Tuesday, July 29, 2008

CheapOair Charitable Endeavors: Co-sponsoring AFCA’s ‘Climb Up So Kids Can Grow Up’ Event

CheapOair believes in the significance and vitality of giving back to society and the environment. It has always been actively involved in sponsoring and supporting serious social causes and issues. Earlier this year CheapOair donated $5,000 to Doctors Without Borders, continuing its efforts in helping the charitable organizations through funds and donations CheapOair has co-sponsored American Foundation for Children with AIDS (AFCA) 'Climb Up So Kids Can Grow Up' Event along with other prominent organizations like CrissCross, SENE, EcoTraining, ecoVenture. The event invites volunteers to climb, hike, cycle, or run to save the lives of children affected by the AIDS epidemic.

The incidence of AIDS in Zimbabwe is getting worst day by day and AFCA has been working to improve the lives of children and youth struggling with the impact of the HIV/AIDS pandemic. CheapOair CEO, Mr. Jain felt that it was essential to support such a serious issue affecting the lives of millions worldwide. CheapOair would like to participate more in such humanitarian actions to assist in world affairs where people are most affected, in order to build a responsible business.

Tuesday, July 22, 2008

Author Commends American Foundation for Children with AIDS

Book by best-selling author David Elliot Cohen recognizes the American Foundation for Children with AIDS as a salutary organization

The American Foundation for Children with AIDS has been included in best-selling author David Elliot Cohen’s new book, What Matters, as a noteworthy organization in the struggle against AIDS. Using alluring photographs and stimulating essays, the book has brought a spotlight on the continuous battle against AIDS in Africa. Sterling Publishing, a division of Barnes & Noble, will publish the book on September 2, 2008.

“The purpose of the What Matters project is to provoke discussion of essential global issues in various media, to inspire social action, and to provide readers with resources they can utilize to help create social change,” said Rose Whitmore, editorial assistant of What Matters.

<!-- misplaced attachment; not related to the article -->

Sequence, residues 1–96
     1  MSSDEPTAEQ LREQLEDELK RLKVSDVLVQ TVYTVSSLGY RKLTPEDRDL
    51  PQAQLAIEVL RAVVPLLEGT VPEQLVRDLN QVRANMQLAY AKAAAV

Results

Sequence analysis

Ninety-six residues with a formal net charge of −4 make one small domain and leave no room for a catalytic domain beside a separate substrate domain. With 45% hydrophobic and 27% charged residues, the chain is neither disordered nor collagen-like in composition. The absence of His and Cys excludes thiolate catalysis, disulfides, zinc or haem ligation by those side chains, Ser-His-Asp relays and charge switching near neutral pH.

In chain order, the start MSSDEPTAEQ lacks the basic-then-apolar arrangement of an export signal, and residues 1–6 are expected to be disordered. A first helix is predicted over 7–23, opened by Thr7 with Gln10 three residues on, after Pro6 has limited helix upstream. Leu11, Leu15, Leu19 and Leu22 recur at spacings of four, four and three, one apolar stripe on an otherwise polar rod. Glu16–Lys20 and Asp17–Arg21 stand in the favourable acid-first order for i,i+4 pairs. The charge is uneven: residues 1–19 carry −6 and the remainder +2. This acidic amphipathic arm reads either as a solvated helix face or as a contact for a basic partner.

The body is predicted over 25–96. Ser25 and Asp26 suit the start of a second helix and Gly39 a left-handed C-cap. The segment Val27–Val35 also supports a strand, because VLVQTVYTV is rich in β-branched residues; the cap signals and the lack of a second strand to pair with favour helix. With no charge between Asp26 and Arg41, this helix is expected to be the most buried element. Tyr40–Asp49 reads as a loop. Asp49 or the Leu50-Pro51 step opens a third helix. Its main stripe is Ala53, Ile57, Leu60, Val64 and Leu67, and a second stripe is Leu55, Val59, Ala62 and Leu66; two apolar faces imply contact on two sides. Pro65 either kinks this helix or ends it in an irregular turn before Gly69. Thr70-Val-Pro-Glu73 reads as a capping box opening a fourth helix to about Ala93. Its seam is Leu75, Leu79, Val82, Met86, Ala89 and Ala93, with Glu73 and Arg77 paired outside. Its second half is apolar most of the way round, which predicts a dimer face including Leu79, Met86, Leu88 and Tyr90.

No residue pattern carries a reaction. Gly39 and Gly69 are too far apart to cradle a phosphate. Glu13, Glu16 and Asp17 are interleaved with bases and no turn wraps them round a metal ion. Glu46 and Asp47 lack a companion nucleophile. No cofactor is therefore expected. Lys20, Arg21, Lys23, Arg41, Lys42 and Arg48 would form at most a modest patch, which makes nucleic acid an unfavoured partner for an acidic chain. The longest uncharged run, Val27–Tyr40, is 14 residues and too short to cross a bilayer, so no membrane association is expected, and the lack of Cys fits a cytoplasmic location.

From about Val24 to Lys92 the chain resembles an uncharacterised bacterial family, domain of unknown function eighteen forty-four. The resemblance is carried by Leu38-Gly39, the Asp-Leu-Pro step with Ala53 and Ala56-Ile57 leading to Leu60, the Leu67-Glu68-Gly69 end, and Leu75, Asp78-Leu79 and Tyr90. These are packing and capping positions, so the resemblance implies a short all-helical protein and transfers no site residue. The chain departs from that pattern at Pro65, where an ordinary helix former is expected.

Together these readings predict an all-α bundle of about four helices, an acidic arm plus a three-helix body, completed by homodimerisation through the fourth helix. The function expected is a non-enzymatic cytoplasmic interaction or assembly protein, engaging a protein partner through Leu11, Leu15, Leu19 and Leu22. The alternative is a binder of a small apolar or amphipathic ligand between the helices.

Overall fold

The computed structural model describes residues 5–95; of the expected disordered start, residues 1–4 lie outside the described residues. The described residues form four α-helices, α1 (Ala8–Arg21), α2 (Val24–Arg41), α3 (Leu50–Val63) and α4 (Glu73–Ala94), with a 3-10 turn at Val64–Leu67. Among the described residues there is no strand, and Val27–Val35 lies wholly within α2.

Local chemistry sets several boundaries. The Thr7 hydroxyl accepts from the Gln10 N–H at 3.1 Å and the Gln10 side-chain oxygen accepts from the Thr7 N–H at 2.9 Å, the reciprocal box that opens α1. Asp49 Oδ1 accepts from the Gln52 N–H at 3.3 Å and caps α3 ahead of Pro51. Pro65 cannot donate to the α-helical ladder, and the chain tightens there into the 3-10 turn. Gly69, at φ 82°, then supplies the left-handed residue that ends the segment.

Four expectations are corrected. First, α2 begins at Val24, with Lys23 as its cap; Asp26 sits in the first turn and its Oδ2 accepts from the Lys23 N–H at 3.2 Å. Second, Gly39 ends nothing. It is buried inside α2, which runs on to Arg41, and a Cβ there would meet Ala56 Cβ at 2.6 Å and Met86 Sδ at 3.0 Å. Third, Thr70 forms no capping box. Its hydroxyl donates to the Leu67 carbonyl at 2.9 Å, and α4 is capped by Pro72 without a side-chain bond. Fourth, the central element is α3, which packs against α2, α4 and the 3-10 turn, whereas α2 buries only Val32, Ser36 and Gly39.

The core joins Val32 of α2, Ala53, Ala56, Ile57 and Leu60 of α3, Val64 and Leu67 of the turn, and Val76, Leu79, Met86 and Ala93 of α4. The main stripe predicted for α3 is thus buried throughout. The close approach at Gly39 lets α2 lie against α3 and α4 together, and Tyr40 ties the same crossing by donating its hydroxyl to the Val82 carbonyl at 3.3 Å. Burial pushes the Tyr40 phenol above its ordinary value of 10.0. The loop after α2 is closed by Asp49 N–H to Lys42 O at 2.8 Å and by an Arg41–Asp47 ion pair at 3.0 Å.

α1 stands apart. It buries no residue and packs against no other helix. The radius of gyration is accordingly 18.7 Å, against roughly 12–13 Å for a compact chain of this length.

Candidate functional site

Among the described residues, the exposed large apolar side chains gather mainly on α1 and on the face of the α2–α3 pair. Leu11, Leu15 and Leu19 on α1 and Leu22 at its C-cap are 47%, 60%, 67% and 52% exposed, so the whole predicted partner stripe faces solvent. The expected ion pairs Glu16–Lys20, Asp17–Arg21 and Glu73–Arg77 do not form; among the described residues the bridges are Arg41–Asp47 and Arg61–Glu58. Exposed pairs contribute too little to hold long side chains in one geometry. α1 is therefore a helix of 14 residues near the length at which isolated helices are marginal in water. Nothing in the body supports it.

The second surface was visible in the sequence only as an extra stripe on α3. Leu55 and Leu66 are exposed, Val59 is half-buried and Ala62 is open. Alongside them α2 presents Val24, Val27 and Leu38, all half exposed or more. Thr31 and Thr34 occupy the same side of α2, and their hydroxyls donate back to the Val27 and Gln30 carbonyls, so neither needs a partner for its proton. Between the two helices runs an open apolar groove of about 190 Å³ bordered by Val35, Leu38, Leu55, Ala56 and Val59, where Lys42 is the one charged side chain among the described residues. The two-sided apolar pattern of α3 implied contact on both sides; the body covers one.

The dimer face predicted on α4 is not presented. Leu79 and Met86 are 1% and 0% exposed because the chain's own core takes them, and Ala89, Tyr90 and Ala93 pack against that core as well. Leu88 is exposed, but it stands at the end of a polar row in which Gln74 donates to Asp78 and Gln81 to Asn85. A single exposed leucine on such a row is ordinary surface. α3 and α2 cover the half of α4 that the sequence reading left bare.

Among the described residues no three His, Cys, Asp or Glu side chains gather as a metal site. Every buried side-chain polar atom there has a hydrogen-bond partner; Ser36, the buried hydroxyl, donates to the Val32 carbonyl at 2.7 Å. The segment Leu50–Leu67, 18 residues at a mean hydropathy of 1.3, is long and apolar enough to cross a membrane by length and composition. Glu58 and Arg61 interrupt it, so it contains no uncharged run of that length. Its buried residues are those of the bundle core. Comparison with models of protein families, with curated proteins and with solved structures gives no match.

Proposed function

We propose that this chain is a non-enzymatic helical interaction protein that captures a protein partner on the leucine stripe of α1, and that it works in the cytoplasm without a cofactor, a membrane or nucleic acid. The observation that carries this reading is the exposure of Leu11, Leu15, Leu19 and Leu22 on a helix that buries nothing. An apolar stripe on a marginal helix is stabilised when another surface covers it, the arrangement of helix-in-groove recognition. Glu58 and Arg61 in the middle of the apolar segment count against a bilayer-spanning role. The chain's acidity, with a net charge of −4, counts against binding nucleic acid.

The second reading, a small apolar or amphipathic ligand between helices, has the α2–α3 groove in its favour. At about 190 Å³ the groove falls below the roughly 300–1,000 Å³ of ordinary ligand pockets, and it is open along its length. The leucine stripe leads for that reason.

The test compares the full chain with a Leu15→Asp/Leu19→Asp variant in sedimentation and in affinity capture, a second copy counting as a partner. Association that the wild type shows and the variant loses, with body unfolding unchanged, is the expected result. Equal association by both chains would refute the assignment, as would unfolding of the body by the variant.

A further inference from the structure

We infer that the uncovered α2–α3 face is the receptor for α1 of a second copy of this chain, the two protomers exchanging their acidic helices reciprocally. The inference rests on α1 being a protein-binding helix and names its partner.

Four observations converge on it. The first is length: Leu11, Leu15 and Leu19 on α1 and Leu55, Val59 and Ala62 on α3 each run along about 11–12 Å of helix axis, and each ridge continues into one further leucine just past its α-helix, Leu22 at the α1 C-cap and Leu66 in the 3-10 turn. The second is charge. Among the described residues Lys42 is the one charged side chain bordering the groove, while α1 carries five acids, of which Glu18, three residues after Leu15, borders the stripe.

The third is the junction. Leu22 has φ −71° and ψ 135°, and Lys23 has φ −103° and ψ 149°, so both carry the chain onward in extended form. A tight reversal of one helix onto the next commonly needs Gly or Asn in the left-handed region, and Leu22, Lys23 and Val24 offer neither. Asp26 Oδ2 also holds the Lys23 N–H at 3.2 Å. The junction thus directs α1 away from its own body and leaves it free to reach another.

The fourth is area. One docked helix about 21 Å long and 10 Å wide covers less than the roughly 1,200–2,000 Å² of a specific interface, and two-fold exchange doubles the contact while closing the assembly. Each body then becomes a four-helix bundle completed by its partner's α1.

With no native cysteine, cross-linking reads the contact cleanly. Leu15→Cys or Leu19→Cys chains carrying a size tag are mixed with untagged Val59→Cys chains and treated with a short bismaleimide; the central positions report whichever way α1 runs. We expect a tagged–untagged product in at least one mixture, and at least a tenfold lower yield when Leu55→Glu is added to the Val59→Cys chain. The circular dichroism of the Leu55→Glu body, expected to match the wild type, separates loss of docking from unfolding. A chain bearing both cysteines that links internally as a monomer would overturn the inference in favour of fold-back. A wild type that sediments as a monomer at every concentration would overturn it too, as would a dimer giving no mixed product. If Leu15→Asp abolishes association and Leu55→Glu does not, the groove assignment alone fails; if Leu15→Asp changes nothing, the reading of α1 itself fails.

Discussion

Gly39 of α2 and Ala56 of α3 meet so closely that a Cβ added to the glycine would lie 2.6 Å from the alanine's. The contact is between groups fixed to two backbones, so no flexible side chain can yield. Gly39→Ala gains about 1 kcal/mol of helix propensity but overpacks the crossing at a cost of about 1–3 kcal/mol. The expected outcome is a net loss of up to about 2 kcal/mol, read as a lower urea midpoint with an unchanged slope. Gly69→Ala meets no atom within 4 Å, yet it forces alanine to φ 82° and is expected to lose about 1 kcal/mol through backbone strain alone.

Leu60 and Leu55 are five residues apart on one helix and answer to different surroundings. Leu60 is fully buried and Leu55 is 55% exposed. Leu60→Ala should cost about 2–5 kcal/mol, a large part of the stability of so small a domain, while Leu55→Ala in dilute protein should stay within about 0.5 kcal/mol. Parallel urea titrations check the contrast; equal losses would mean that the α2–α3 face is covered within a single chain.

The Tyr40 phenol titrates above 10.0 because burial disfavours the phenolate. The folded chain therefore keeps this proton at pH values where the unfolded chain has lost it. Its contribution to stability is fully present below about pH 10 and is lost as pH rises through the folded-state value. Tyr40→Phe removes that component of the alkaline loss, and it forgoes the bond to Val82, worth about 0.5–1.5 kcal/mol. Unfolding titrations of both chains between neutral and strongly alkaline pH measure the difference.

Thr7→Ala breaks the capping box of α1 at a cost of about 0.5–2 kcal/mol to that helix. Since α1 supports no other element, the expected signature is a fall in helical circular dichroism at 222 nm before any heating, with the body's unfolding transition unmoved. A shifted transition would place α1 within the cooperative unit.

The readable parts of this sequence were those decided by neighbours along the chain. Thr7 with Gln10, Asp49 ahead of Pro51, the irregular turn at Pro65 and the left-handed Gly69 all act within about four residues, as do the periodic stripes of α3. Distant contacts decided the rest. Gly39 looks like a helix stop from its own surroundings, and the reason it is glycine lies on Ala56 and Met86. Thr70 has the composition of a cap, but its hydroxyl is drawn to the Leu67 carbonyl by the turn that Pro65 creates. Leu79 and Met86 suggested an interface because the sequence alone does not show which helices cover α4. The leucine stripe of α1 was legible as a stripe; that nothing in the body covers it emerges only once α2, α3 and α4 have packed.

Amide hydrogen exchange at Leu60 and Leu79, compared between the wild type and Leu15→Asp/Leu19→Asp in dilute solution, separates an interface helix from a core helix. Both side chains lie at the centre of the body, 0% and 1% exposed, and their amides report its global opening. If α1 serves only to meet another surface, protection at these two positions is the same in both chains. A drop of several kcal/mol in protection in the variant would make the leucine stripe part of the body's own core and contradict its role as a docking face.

The book and website contain a “What You Can Do” section in order to inspire the readers to become involved. Within the topic of the AIDS epidemic, the American Foundation for Children with AIDS has been acknowledged as a leading organization to stop the spread of AIDS and HIV in Africa. The public can view the complete contents of the book online at http://www.whatmattersonline.com.

“The idea, of course, is to get these very visceral photographs and poignant essays in front of as many people as possible and then translate the resulting interest into donations and actions through organizations,” stated Rose Whitmore.

The American Foundation for Children with AIDS continues to grow with notoriety from publications such as What Matters. A contribution of $30 provides a full month's worth of life-saving medication to an HIV positive child. With $7,000, AFCA can provide a 40-foot container of much-needed food, hygiene kits, milk, and medical supplies to partner hospitals.

To learn more about AFCA, become involved or make a contribution, please visit http://www.helpchildrenwithaids.org. All donations are tax-deductible.

About American Foundation for Children with AIDS
American Foundation for Children with AIDS is an independent international humanitarian aid organization established in 2004. AFCA is a 501(c)(3) not–for-profit organization incorporated in the state of Florida, USA. It has been certified Best in America by the Independent Charities of America. AFCA’s mission is to improve the lives of children and youth struggling with the impact of the HIV/AIDS pandemic. We provide cost-effective relief, services, medical and social support, education and advocacy to help these individuals achieve their full life potential.

AFCA believes that true success is achieved through collaboration with qualified local professionals. To this end, we partner with the following agencies to deliver quality, donated anti-retroviral medications and supplies to HIV-positive children and their caretakers: Mulago Hospital in Kampala, Uganda; Community Based Health Care Program in Mombasa, Kenya; Voi Children’s Health Program in Voi, Kenya; ZOE in Bulawayo, Zimbabwe, St. Theresa’s Home of Hope in Elementita, Kenya; and St. Mary’s Mission Hospitals in Nairobi and Elementita, Kenya.